In the Protestant tradition, faith is generally understood to be closely associated with ideas of belief, trust, and reliance. This understanding is founded in the doctrinal statements of the Reformers. One of their confessional statements explains: "the principle acts of saving faith are accepting, receiving, and resting upon Christ alone for justification, sanctification, and eternal life." The Reformers contrasted faith with human efforts to do good works as a means of justification. This understanding of saving faith has remained within the Protestant tradition. Saving faith is generally understood in terms of a belief of, trust in, and reliance on the person of Jesus and his work of atonement accomplished through his death on the cross.
In a more everyday sense, faith is often discussed in terms of believing God's promises, trusting in his faithfulness, and relying on God's character and faithfulness to act. Yet, many Protestants stress that genuine faith is also acted on, and thus it brings about different behaviour or action and does not consist merely of mental belief, trust or confidence or outright antinomianism. Hence, having authentic 'faith in Jesus' is generally understood to lead to changes in how one thinks and lives. However, the Protestant tradition holds that these changes in character and conduct do not have any value for obtaining a positive final judgment, but that a positive final judgment depends on faith alone (sola fide).
Faith in Jesus as faithfulness, loyalty and commitmentEdit
In recent decades, scholars have researched what pi'stis meant in the social context of the New Testament writers. Several scholars who have studied the usage of pi'stis in both early Greek manuscripts and the New Testament have concluded that 'faithfulness' is the most satisfactory English translation in many instances. This recent research has prompted some to argue that New Testament faith and belief in Jesus should be understood in terms of faithfulness, loyalty, and commitment to him and his teachings, rather than in terms of belief, trust and reliance. Such an understanding of faith can be integrated well with the moral influence theory of atonement.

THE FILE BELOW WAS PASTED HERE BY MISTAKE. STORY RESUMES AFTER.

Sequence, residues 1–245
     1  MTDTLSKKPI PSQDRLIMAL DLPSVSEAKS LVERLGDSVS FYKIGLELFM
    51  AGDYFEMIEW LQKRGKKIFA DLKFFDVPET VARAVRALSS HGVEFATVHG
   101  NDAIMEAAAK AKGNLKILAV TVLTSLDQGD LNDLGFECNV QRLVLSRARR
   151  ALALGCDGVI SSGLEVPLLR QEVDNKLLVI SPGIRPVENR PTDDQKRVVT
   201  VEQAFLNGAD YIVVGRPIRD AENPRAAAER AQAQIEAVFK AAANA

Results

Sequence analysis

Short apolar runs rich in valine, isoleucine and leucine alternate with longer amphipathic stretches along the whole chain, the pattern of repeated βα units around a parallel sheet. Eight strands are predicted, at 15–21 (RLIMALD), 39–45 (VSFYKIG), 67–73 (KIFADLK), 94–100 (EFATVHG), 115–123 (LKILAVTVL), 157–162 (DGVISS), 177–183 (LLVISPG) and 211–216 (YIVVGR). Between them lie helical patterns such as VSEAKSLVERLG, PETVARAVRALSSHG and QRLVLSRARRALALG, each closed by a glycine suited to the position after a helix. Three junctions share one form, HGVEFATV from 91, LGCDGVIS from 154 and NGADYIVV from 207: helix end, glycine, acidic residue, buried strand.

Hebrews 11:1: "Now faith (pi'stis) is the assurance of things hoped for, the conviction of things not seen." This passage concerning the function of faith in relation to the covenant of God is often used as a definition of faith. Υποστασις (hy-po'sta-sis), translated "assurance" here, commonly appears in ancient papyrus business documents, conveying the idea that a covenant is an exchange of assurances which guarantees the future transfer of possessions described in the contract. In view of this, James Hope Moulton and George Milligan suggest the rendering: "Faith is the title deed of things hoped for" (Vocabulary of the Greek Testament, 1963, p. 660). The Greek word e´leg-khos, rendered "conviction" in Hebrews 11:1 (ESV), conveys the idea of bringing forth evidence that demonstrates something, particularly something contrary to what appears to be the case. Thereby this evidence makes clear what has not been discerned before and so refutes what has only appeared to be the case. This evidence for conviction is so positive or powerful that it is described as faith. Christian faith, described in these terms, is not synonymous with credulity, but rather has connotations of acting in faithfulness and trust.